Valentina Igoshina

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Valentina Igoshina
Valentina Igoshina.jpg
Valentina Igoshina in St. Louis, Missouri
Background information
Born (1978-11-04) November 4, 1978 (age 36)
Origin Russia
Genres classical
Occupation(s) classical pianist
Instruments piano
Labels Warner Classics International
Website www.valentina-igoshina.com

Valentina Igoshina (b. 4 November 1978, Bryansk, Bryansk Oblast, Russian SFSR) is a Russian classical pianist.

Biography[edit]

Valentina Igoshina began studying piano with her mother,[1] and first took lessons at home at the age of four. At the age of twelve she began attending the Moscow Central School of Music and became a student of Sergei Dorensky and Larissa Dedova at the Moscow Tchaikovsky Conservatory.[2]

Igoshina has also served as a teacher of piano at the Moscow Tchaikovsky Conservatory in Moscow. Between recitals and concerts, she currently divides her time between Moscow and Paris.[3] Her home in France is near Giverny in Haute-Normandie.

Professional accomplishments[edit]

In 1993, at age 14, she won first prize at the Artur Rubinstein Piano Competition in Bydgoszcz, Poland.[4] In 1997, at age 18, she won first prize and a special award at the famed Rachmaninov International Piano Competition in Moscow.[5]

Valentina Igoshina at the piano

Igoshina has also competed in four other worldwide piano competitions:

Igoshina appears on the list of great women pianists as compiled at www.forte-piano-pianissimo.com[8]

Festival and major orchestral appearances[edit]

Igoshina has been invited to play with many notable orchestras, among them:

Igoshina has appeared on multiple occasions with several of the foregoing orchestras. Additionally, she worked both in Russia and Italy with Alexander Vedernikov during his tenure at the Bolshoi Theatre. Igoshina has also appeared with orchestras in Kraków, Poland; Brandenburg, Germany; Gdansk, Poland; St. Louis, Missouri (Robert Hart Baker conducting); Saint-Etienne, France; Wuhan, China; Tokyo, Japan; Moscow, St Petersburg, and Bryansk in Russia; Sofia, Bulgaria; Budapest, Hungary (Izaki Masahiro conducting); and many other venues.

She has also participated in numerous recitals and musical festivals; a few are listed as follows:

Recordings[edit]

Igoshina has made live recordings on BBC Radio 3, ABC Classic FM, BBC Scotland, as well as the sound tracks for Tony Palmer's movies The Harvest of Sorrow (also working on the project were Valery Gergiev and Mikhail Pletnev)[9] and The Strange Case of Delphina Potocka. She played one of the leading roles in the latter film.[10]

In 2006 Warner Classics International produced an album entitled Valentina Igoshina, wherein Igoshina played works by Modest Mussorgsky and Robert Schumann. Included on the album were Mussorgsky's Pictures at an Exhibition and Schumann's Carnaval.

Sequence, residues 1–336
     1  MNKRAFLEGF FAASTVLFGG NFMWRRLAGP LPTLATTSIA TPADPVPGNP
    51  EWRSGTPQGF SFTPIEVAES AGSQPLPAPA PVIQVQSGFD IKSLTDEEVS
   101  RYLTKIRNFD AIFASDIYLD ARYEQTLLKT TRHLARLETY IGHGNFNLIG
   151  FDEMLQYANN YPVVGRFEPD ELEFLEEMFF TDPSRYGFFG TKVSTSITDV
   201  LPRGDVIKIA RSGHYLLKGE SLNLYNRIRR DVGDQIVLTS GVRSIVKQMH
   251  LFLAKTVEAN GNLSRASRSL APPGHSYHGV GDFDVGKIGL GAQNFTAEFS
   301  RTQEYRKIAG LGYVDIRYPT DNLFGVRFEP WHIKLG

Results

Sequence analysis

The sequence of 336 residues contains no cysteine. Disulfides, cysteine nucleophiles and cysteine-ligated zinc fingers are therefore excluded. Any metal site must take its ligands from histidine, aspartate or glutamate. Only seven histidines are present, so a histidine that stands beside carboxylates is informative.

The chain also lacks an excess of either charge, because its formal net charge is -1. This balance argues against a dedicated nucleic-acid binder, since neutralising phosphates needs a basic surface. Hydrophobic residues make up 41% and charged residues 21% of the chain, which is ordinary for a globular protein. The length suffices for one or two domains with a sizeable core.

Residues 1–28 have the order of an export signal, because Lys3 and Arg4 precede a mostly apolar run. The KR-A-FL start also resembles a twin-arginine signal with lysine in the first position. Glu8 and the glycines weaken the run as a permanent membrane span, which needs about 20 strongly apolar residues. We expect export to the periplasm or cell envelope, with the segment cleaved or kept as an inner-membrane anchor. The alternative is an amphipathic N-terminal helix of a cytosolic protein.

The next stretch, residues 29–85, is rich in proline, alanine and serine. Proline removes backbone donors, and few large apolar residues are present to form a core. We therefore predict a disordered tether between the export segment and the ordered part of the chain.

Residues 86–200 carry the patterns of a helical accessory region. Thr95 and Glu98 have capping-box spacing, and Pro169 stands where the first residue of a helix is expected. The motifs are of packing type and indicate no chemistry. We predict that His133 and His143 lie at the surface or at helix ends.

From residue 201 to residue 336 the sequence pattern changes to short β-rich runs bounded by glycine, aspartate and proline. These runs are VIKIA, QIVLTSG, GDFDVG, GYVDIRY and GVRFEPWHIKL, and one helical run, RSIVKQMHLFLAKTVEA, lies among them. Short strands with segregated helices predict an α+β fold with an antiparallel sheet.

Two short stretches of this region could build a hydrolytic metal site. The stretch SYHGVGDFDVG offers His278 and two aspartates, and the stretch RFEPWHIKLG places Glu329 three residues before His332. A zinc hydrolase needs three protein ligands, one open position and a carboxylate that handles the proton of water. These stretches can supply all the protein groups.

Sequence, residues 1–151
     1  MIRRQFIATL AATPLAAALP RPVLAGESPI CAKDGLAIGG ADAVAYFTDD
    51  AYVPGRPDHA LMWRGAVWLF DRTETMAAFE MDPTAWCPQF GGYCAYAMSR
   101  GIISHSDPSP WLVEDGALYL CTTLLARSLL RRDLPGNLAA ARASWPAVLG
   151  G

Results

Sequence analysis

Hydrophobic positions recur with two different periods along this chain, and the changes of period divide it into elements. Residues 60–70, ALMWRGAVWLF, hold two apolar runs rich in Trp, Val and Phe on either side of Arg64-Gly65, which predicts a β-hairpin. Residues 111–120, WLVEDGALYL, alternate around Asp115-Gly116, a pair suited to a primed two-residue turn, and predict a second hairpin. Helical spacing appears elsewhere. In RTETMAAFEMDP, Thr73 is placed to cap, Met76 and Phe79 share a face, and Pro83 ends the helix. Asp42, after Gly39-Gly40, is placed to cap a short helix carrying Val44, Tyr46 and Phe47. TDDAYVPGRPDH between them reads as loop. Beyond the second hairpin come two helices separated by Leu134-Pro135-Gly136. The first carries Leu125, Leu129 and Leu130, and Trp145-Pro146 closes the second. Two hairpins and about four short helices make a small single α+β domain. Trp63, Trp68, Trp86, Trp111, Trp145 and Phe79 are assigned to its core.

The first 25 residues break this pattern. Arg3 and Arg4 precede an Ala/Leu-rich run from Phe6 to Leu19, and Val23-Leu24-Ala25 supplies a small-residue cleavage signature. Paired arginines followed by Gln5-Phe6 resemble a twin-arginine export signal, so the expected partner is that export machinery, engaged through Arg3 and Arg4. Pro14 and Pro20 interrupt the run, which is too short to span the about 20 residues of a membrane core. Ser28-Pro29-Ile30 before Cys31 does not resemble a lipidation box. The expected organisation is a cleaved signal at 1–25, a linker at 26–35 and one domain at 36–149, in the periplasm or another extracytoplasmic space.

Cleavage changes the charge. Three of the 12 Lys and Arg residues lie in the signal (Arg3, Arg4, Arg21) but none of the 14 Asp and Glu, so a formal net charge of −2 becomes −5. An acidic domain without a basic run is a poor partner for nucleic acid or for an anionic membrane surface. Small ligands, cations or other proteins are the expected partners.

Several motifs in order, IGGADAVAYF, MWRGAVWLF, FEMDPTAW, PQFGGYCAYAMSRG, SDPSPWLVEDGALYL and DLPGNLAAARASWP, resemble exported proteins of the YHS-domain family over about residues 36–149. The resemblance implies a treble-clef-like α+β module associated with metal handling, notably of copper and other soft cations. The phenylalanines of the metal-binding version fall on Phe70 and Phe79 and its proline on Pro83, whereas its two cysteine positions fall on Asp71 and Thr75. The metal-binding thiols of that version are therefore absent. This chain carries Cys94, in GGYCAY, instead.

In 2008 Igoshina recorded a work of the waltzes of Frédéric Chopin. The album, entitled Chopin: Complete Waltzes was chosen by Classic FM Magazine as its November, 2008 "Disc of the Month". It was produced by Lontano Music and distributed by Warner Classics International[11]

In October, 2010 Igoshina recorded Dmitri Shostakovich's First and Second Piano Concertos with the Deutsche Kammerakademie Neuss-am-Rhein (near Düsseldorf), and the work is distributed by Warner Classics International. Also in 2010, she appeared in another of Tony Palmer's productions, entitled Valentina Igoshina Plays Chopin.

Many of Igoshina's performances can be seen on YouTube, including Chopin's Fantaisie Impromptu and Liszt's Liebesträume.

References[edit]

  1. ^ "Piano 2003: Laureats". Queen Elisabeth Piano Competition. cypres-records.com. Retrieved 2009-12-27. 
  2. ^ "Valentina Igoshina biography". Valentina Igoshina. 10 February 2008. Retrieved 2009-12-27. [third-party source needed]
  3. ^ "Academic Staff: Valentina Igoshina". Moscow P. I. Tchaikovsky Conservatory. December 2012. Retrieved 2009-12-27. 
  4. ^ "Laureates of subsequent editions of the competition". International Competition for Young Pianists Authur Rubinstein in Memoriam. The Arthur Rubinstein State Music Schools. 29 January 2009. Retrieved 2012-12-19. 
  5. ^ a b "Biography". Valentina Igoshina. Retrieved 2012-12-19. [third-party source needed]
  6. ^ Brown, Keely (22 May 2002). "Barili's Legacy: Atlanta's International Piano Competition welcome, despite questionable outcome". Creative Loafing. Atlanta, Georgia. Retrieved 2009-12-27. 
  7. ^ a b c d e f g h i j k l m n "Artist biography: Valentina Igoshina". Warner Classics. 2008. Retrieved 2009-12-27. 
  8. ^ "Great Women Pianists". forte-piano-pianissimo.com. Retrieved 2012-12-19. 
  9. ^ "Skandynawskie melodie". Polish Gazeta (in Polish). 19 February 2004. Retrieved 2009-12-27.  (subscription required)
  10. ^ "Women Pianists on Video". Women at the Piano. 29 April 2003. Retrieved 2009-12-27. 
  11. ^ Anderson, Robert (10 September 2008). "Record Box. A Lovely Recital. Valentina Igoshina Plays Chopin". Music and Vision Magazine. Retrieved 2009-12-27.